We’ve already had a couple of stories this week about the motorcycle world stepping in to help with COVID-19 response, and now here’s more.

Blood Bikers step up

Blood Bikers have a vital role in the UK: They’re volunteers who deliver blood transfusion supplies during emergencies, using their motorcycles to cut through traffic. Now, they’re turning towards helping the fight against COVID-19.

British mags say the Devon Freewheelers club has been delivering COVID-19 test kits to healthcare workers’ doors, to help them determine if they’re infected or not. As Devon is fairly sparsely populated by the UK’s standards, having a fleet of bikers to deliver tests to far-flung houses is quite helpful indeed, and takes a load off the healthcare system. It’s even more beneficial if it helps these hospital staffers get back to work more quickly. If everyone helps, this crisis will end sooner, and this is a great example of how everyone can pitch in.

Tekrider changes production

As motorcycle gearmakers see their production interrupted by social distancing orders and a lack of demand, there’s been a new cottage industry emerging: making personal protective equipment and other healthcare materials. Just like the Second World War saw British factories switching from their usual widget production to instead cranking out STEN gun parts, we’re now seeing small shops leaving their normal products behind in the war on COVID-19.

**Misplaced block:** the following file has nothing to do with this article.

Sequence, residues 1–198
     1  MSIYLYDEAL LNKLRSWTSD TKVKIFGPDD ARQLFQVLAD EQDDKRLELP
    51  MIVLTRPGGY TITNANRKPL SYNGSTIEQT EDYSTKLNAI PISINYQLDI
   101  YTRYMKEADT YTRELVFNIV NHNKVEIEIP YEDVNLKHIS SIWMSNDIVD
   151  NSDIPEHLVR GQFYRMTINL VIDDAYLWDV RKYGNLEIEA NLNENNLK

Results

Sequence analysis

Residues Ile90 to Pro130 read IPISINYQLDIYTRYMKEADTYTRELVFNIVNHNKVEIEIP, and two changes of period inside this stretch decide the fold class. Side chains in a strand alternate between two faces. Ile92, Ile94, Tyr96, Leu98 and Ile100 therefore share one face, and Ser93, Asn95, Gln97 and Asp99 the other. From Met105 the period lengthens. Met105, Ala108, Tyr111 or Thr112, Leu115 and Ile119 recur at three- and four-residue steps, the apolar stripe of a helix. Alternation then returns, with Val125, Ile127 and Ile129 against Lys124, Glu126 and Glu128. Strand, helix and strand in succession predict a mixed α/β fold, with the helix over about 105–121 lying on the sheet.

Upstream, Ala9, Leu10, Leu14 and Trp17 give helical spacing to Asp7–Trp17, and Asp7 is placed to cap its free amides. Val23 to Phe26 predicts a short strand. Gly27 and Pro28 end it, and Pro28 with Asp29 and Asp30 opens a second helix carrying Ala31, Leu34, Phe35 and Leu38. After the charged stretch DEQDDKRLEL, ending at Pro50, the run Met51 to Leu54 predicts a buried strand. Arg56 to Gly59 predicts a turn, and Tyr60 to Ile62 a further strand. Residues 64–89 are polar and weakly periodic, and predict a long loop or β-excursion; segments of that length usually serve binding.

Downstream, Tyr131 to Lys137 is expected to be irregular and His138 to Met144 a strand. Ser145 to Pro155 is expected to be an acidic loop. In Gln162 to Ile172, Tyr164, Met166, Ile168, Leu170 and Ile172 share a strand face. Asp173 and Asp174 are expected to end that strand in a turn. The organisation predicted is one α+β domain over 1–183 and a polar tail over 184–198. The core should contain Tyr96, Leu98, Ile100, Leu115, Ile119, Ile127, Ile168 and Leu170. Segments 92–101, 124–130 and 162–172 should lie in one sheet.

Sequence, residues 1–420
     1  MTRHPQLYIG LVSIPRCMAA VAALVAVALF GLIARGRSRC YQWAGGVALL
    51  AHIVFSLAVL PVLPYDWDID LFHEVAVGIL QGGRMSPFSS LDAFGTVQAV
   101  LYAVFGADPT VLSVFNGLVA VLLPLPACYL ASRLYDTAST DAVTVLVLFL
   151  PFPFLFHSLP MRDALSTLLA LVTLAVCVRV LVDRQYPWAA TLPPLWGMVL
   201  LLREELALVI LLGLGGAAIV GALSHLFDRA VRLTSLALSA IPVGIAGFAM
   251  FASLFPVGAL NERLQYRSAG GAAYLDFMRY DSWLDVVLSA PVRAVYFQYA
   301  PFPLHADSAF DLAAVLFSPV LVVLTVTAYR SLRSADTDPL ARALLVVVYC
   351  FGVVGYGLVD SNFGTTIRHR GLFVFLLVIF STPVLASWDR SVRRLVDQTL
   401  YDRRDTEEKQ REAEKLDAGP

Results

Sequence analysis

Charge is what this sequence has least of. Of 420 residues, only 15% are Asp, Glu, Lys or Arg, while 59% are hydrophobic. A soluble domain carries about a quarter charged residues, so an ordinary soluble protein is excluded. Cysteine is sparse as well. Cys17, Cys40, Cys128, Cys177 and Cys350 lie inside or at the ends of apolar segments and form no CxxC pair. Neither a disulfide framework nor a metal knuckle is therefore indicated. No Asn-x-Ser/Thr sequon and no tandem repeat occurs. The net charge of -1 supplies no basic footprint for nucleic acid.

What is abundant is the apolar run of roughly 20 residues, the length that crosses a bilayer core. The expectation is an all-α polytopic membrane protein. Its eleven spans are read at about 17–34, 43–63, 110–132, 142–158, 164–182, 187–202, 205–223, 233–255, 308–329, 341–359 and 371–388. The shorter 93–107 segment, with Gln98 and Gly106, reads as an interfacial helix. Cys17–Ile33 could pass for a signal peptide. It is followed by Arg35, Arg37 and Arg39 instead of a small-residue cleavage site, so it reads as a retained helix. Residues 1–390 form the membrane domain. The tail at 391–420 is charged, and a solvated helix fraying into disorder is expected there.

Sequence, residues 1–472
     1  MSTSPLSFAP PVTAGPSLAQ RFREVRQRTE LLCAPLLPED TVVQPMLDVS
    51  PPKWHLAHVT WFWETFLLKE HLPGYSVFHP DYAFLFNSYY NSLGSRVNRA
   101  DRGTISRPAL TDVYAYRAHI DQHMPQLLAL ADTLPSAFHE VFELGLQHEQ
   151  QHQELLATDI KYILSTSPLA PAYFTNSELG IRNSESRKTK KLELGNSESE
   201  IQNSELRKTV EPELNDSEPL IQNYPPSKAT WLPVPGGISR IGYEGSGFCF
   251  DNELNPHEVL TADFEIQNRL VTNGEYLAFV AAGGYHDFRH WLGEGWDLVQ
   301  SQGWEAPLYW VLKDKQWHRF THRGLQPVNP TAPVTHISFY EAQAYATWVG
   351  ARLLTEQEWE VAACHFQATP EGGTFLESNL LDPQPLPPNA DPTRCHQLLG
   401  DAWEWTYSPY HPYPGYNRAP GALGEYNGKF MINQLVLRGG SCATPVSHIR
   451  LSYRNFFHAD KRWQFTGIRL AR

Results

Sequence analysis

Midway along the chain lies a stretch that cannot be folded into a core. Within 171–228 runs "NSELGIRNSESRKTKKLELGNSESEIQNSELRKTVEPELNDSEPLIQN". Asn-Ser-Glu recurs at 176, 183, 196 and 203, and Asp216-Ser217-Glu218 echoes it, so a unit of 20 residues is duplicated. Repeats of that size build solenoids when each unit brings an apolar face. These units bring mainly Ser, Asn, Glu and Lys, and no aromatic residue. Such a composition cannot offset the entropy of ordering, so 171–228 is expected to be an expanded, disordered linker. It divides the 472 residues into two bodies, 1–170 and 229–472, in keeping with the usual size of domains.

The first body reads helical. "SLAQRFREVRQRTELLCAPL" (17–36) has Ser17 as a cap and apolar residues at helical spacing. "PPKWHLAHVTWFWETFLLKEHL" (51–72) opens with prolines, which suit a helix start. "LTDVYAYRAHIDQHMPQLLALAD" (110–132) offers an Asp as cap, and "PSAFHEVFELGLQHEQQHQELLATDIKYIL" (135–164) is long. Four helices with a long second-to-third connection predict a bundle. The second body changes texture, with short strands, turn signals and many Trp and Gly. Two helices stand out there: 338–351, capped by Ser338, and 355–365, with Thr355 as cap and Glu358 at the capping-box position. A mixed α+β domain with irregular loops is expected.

One of those factories is Tekrider. The Canadian company is no stranger to protective equipment, but now it’s switching from body armour to PPE. It’s producing “Non-Medical Gowns, Masks, Bootees, & Bouffants. Helping to protect our local communities, friends and families!” according to Facebook. What’s a non-medical gown? Call ’em up (website is here), and they’ll explain it and probably sell you one, if you want it.

MV Agusta donates testing equipment

MV Agusta kept its factory open as long as it could, but the Italian motorcycle manufacturer realizes the danger posed by COVID-19. To help the fight, the company has donated a QuantStudioTM 5 Real-Time PCR System to local health authorities. What’s that, you ask? Apparently it’s a fancy-pants machine that speeds up testing. Good on MV Agusta for the donation, as let’s face it, the company hasn’t exactly been flush with cash in recent years (this equipment was donated as part of MV Agusta’s partnership with fundraisers at Fondazione Circolo della Bonta Onlus). The machine can process 96 swabs in 30 minutes, and will be used for other sicknesses once the COVID-19 outbreak has ended.

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